I used to read a lot. Then, my Masters killed my love of reading (so. many. required. texts.), and at the same time online streaming services improved their offerings to suck my time away with Seinfeld and The IT Crowd re-runs.
A one-two knock-out punch.
Therefore, I recently challenged myself to shut off the screens (unless we’re doing some sort of family movie night, or my wife wants to watch something with me… she gets preferential treatment) and to instead, conquer the mountain of books I had compiled but not yet begun.
While I try to read something in nearly every genre, I find myself particularly engaged by historical accounts written in novel-form. There is an art to telling a story, and history books too often ignore that art and compete in a contest where the one who spits out the most facts wins (and the points don’t matter… Whose Line Is It Anyway… anyone?). Whenever I find a book that tells a great story, of an actual story, I struggle to put it down. Shoe Dog (the story of Nike) is an excellent example of this type of book. I have no particular love or hate of Nike, but I was enthralled by the story.
Not only do I enjoy historical accounts written well, I enjoy accounts of historical struggle. People who overcame great difficulty, and perhaps, who did not survive their efforts of overcoming. The Perfect Storm is a fascinating account of both the former and the latter.
I recently finished Robert Leckie’s difficult “Helmet for My Pillow”; I choose the word difficult not because the book isn’t an enjoyable read (it is), but because it is difficult to fathom the hardship the marines faced in the Pacific Theater in WWII and how anyone could survive, much less return and build businesses, hospitals, and families. Greatest Generation, indeed.
The book I am currently reading, is “Endurance: Shackleton’s Incredible Voyage”, a story of ice and hardship. Perhaps I am drawn to it because I live in the state of Montana, where we experience all but the most extreme temperatures recorded in the book (70 mile an hour winds as well). Perhaps it is simply the inspiration of a voyage doomed from the beginning, yet in which man and dog persevere.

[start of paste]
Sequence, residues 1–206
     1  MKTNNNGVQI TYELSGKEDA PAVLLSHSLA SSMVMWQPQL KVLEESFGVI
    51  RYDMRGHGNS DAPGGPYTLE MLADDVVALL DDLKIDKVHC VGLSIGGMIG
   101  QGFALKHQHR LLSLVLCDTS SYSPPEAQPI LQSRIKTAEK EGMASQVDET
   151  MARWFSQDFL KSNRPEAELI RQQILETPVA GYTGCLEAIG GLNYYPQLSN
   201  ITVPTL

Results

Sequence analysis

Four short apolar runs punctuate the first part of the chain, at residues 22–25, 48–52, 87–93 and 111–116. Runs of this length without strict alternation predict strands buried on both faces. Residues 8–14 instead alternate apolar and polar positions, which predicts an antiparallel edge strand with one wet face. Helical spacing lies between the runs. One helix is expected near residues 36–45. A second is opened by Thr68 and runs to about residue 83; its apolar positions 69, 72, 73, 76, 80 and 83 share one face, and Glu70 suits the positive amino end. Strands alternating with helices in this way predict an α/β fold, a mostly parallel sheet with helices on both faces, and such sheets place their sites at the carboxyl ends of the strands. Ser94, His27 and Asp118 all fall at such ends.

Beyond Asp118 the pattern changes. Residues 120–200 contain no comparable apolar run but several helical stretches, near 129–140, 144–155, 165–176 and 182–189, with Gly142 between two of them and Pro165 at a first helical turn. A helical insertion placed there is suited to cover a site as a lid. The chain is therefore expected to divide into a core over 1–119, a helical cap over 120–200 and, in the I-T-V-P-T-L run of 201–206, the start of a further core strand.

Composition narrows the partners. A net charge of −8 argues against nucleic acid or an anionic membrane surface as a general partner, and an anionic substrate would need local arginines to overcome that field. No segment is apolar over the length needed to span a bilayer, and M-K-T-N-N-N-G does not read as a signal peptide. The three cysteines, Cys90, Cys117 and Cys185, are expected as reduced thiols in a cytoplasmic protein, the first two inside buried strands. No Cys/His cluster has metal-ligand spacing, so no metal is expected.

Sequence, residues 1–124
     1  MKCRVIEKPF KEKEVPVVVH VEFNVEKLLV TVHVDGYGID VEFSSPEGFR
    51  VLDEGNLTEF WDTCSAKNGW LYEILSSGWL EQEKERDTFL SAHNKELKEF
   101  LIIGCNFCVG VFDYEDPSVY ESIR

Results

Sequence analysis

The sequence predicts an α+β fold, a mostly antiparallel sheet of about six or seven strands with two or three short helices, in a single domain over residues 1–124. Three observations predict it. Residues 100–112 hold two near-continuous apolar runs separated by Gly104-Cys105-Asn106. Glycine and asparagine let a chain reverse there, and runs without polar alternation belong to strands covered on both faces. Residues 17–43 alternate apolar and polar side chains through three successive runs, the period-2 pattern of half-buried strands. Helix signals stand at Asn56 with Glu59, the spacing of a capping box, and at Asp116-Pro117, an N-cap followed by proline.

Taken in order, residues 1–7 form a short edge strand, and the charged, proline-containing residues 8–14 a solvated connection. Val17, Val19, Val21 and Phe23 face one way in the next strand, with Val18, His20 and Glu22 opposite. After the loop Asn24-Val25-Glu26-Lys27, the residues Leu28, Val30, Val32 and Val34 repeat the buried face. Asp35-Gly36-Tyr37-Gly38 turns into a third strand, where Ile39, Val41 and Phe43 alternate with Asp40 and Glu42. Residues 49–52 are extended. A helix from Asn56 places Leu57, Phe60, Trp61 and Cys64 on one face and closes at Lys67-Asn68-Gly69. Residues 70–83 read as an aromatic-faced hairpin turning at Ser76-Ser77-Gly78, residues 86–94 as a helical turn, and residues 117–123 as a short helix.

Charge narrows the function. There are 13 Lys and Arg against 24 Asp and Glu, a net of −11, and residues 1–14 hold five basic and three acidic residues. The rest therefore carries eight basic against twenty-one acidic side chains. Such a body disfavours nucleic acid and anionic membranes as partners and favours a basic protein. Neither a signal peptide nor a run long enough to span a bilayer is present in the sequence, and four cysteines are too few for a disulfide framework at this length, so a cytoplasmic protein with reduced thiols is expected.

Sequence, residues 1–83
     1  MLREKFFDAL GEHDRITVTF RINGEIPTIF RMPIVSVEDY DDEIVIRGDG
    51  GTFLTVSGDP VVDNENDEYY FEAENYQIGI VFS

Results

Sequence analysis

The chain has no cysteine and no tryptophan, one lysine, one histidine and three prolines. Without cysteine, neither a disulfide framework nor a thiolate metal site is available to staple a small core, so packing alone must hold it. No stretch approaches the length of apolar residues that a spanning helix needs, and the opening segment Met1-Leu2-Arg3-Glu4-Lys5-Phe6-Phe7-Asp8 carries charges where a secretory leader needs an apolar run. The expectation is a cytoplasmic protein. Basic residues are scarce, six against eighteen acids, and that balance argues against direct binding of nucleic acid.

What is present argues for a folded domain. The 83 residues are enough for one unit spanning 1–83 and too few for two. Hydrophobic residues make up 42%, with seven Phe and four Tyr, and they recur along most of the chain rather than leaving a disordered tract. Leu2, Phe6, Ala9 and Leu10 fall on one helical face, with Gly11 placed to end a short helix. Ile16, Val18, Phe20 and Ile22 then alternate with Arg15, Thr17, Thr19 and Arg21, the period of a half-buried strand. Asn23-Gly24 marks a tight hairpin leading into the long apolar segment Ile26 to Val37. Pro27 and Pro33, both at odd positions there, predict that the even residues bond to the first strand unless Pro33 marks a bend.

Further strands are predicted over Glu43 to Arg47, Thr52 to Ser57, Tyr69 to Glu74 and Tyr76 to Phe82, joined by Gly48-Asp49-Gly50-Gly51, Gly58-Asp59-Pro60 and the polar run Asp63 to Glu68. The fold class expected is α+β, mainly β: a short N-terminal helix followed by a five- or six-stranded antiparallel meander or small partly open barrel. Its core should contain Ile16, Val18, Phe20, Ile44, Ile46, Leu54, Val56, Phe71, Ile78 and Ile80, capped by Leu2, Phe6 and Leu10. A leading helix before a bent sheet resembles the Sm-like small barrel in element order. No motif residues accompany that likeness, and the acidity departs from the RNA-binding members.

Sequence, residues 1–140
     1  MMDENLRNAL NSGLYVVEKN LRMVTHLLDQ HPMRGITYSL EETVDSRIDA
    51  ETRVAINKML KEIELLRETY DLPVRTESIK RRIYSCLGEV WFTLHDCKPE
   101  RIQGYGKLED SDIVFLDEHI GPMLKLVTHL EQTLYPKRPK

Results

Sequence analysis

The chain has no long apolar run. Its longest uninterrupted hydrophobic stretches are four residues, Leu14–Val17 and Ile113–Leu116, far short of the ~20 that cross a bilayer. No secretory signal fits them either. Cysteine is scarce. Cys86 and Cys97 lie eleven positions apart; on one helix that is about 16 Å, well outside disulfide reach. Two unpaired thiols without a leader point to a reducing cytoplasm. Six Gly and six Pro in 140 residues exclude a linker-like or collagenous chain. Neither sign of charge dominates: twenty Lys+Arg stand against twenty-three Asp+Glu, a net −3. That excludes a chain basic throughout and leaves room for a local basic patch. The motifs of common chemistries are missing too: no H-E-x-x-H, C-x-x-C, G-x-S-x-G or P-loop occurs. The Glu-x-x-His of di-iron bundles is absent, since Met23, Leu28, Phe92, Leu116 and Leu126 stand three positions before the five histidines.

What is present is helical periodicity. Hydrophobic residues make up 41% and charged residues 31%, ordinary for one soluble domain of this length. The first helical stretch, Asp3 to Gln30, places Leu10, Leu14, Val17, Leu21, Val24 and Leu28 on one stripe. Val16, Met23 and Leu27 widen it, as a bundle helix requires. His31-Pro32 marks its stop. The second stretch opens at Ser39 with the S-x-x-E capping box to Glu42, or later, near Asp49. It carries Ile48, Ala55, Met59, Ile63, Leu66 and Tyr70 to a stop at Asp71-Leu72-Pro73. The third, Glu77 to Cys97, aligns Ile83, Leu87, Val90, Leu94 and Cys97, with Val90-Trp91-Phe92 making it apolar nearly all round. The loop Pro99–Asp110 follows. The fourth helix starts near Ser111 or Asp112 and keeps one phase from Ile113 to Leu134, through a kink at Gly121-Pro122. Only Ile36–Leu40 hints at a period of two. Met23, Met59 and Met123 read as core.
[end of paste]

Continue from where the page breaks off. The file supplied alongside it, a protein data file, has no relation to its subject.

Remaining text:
While interesting, those two previous curiosities are not what primarily intrigues me in this work. What has captivated me, is the never-ending positive attitudes of the team. These men sailed a ship into a world of ice (spoiler), lost the ship early in the voyage within sight of land (they could not get to it because of the ice), left the ship and traveled hundreds of miles in negative Fahrenheit temperatures (by the way, it is pitch black for about three months in the winter, three months) dragging their possessions as well as three giant lifeboats (they knew they would eventually reach open water again and would need the boats), primarily ate seal meat, blubber, and, well anything that tasted fishy… and yet through all that, they remained in good spirits. The diaries of these men record statements discussing how remarkably pleasant was this, that, or the other day. Pleasant. They were enjoying themselves! They would receive a bowl of warm… something… probably, porridge (blubber at times… *gag*) and would then remark how much that improved their spirits.
Let me be exceptionally clear here, it is hard for me to imagine any time in my entire life when I could say a bowl of porridge improved my spirits.
Yet, here they were making the best of their circumstances. In fact, the author of this book on numerous occasions, credits their success (or at least hints at it playing a key role) to not only Shackleton’s leadership and their grit, but to their positive attitudes. Because they remained overall in good spirits, this allowed them to maintain good relationships with one another, which was crucial in bonding together in the difficult times when they needed to expend every last ounce of strength to simply survive.
This coincides for me with meditating and additional reading I have been engaged in that demonstrates the remarkable power of positive thinking. Now, before you roll your eyes, please note that I have never been one to buy into the “power of positive thinking” when it is sold as the snake oil solution to all life’s problems. Snake oil salespeople, however, exist because there is a truth somewhere in or around what they are selling. Work is more than simply positive thinking, it’s also work. Yet, there is a way negativity sucks the life out of one’s self, and those around us that is received back with positive thinking and communication. Think of an office in which a recent win has occurred, and excitement is coursing through everyone. You?want to work harder, you want to invest in and contribute to this great movement. Think of the same office the next day. Everybody is complaining about something (perhaps it is a recent news item), and it is hard to focus enough just to click to the next tab on your computer, much less work.
Here’s what Shackleton and his gang of weary survivors are teaching me… being able to find the good in your circumstances… even if that is simply a bowl of porridge. If that is the best I have in a circumstance, why wouldn’t I celebrate that and choose to fixate on that?
I am going to commit today, to find that which I have to be thankful for in my work.
Is there a difficult client? Always.
Does that mean I can’t be thankful for the chance to have work, when I see others struggling simply to find food enough to eat?
Is there anxiety over needing to pivot my business aggressively in the light of Google’s continual changes (good and… not-so-good)? Always.
Does that mean I cannot find the ways in which their changes are helpful to allow us to shift to new directions in which my competition is not?
Commit with me today, to find the positive in your day, in your week, and in a new year.